Thursday, November 27, 2008


There is a verse, from the Psalms, I think, that reads: "Be still, and know that I am God."

Today, Thanksgiving, marks on the calendar the official jump day from the merely normal mad scramble of juggling job, family, bills, special obligations, a second job and special projects (and the list goes on) to the truly insane mad scramble of shopping, getting the best deals, measuring to the penny how much we can put on the charge card, getting the emergency car repair done ("Why did it have to break down now?"), baking, special concerts, special programs, travel (and this list goes on as well), on top of the "normal" amounts of everyday craziness.

Is it any wonder that people tend to fly off their nut a little bit this time of year?

It didn't used to be this way.

So, before you sit down to the turkey and gravy (or ham, or lobster, or lentil loaf, depending on your preferences), take a moment to be still. Be still in your activity, be still in your mind.

Be still in your soul.

Remember the five kernels of corn the Pilgrims called supper that first winter. Remember the help the Native Americans provided. Remember the long days of toil and sweat the Plymouth colony exerted the following summer in preparation against a repeat of that winter.

Remember their thankfulness to their God, who taught them that, there would be troubles, but that, with Divine Providence (I believe their term was), they would win through.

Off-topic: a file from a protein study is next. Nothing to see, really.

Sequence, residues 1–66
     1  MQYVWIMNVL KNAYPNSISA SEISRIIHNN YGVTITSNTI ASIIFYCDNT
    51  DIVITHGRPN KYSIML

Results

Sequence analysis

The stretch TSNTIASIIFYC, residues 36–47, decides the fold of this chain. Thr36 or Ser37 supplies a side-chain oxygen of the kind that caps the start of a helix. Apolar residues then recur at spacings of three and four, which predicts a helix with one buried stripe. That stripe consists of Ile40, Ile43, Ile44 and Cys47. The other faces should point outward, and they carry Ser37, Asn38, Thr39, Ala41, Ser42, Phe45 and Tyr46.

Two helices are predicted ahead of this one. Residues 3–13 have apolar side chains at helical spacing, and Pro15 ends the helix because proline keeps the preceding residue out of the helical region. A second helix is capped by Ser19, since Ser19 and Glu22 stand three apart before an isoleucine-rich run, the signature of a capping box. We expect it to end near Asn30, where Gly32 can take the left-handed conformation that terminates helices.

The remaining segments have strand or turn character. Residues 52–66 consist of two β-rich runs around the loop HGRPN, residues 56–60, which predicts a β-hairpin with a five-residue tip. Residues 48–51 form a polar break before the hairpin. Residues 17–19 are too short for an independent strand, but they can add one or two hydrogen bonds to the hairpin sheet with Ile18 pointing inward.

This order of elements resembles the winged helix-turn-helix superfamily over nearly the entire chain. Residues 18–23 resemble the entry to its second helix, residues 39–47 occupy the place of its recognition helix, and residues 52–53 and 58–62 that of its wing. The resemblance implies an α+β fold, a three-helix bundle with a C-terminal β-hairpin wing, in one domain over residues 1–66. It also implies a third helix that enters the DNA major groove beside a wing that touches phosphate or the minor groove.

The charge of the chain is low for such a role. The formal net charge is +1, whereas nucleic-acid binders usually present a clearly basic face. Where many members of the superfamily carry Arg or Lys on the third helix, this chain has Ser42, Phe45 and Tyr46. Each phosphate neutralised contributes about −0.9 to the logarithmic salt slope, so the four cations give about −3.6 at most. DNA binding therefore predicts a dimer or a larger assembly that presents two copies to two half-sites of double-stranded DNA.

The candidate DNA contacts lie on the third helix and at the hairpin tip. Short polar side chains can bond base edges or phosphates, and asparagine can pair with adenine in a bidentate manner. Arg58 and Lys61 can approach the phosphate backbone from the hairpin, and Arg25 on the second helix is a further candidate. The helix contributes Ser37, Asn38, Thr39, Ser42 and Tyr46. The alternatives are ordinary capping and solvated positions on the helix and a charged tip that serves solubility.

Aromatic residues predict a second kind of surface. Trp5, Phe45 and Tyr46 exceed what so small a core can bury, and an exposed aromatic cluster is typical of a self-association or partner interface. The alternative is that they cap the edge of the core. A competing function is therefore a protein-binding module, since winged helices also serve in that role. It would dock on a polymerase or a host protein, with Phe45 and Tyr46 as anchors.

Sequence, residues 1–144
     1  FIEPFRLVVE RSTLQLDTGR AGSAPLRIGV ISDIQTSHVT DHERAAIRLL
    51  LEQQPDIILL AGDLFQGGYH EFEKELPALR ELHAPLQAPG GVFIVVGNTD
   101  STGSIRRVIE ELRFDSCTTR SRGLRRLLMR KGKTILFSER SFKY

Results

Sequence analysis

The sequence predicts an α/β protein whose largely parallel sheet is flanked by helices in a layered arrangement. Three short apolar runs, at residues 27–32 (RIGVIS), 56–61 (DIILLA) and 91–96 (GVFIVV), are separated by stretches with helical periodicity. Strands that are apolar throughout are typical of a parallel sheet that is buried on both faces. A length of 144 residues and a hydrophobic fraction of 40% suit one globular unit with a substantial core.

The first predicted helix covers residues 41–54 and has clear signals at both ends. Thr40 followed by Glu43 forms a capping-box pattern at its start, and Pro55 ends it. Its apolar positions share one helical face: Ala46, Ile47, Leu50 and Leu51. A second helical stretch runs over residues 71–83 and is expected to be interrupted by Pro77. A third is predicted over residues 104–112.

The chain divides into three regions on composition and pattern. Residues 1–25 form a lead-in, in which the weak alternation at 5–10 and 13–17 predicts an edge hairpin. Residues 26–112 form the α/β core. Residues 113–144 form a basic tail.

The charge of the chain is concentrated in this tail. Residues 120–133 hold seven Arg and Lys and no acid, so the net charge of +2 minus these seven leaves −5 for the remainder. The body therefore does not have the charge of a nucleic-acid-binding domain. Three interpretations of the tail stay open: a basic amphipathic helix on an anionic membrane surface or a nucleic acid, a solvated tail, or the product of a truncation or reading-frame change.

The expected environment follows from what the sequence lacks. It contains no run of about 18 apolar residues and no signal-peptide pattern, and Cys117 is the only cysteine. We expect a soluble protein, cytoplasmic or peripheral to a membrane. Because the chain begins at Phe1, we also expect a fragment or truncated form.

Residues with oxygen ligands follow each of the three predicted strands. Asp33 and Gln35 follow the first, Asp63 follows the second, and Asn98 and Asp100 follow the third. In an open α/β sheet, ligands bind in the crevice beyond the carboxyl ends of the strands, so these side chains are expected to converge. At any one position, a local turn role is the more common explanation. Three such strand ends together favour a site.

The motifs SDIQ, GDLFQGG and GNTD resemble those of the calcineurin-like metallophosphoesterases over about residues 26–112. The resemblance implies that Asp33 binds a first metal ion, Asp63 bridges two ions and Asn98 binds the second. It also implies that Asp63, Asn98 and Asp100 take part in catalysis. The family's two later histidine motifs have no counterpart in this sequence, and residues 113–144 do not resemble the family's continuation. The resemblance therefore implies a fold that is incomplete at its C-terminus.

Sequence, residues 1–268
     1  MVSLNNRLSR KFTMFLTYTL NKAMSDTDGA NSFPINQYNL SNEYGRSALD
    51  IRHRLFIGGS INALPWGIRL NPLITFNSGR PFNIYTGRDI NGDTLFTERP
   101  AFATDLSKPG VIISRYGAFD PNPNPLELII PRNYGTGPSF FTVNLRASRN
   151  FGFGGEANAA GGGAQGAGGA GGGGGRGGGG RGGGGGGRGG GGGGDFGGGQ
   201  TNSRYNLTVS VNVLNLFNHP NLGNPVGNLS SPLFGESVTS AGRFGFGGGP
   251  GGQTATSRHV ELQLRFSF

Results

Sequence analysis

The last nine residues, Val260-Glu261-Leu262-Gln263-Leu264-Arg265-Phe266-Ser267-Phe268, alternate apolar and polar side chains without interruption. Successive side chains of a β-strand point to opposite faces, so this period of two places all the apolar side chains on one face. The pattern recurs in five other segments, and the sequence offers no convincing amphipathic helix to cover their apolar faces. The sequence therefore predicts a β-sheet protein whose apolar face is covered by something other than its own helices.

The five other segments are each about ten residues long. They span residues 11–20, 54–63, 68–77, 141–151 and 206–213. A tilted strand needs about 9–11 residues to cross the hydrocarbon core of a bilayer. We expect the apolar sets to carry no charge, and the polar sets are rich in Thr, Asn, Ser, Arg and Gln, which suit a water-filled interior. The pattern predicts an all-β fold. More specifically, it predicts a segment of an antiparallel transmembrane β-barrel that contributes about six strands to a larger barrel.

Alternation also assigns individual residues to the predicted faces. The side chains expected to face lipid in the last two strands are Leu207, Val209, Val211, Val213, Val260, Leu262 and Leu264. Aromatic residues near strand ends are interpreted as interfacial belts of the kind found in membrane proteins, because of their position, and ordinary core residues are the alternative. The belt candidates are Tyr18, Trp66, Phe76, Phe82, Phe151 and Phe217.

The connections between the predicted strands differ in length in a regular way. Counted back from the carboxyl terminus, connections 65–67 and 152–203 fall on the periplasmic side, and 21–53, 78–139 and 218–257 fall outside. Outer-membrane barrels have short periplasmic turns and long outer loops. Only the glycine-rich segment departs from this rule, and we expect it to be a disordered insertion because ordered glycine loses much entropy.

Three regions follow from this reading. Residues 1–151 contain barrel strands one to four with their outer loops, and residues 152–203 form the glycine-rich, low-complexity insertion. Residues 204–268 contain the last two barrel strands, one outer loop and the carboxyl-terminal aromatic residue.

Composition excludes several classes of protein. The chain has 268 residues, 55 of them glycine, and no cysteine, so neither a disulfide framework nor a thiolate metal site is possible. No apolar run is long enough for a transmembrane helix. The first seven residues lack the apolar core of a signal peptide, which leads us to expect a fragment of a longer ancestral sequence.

Thanksgiving is not Turkey Day. It's not just the kick-off to the Xmas season, or the day we pull names from a hat to see whom we will gift this year. It is not just a day we gather with family for the obligatory nod to the people that we would not ordinarily associate with if we weren't family. It's not even a day to renew old friendships in that same family. All of this goes on, it is true, to a greater or lesser extent, in each family.

But that's not what Thanksgiving is all about.

It is a time to indeed be still, and know that God is God, and to properly observe and recognize all that He has done throughout the year, and throughout our lives.

Don't be like I was, blaming God for all that was wrong in my life. He may have allowed it, but He did not cause it. And He was there to lend me a hand whenever I let Him. Not choosing to let Him help, that was me. I've learned a little, though.

My life is by no means perfect, or even calm. And I still have days where I go off my nut (this past week, for example) when the crises become too many for me to handle, and I forget to ask for help. That's an old habit, and hard to break. (And besides, it goes against my prideful nature.)

But God is still faithful, even when I am not. And He is sustaining me and my family.

And, looking over the last week, the last year, the last five years, the last ten years, in fact, my entire life, I have a lot to be thankful for. I'll spare you the list. Just know that it begins with my first breath, and ends with my last breath, whenever that will be.

Be still, and KNOW!

Yes, You Can!

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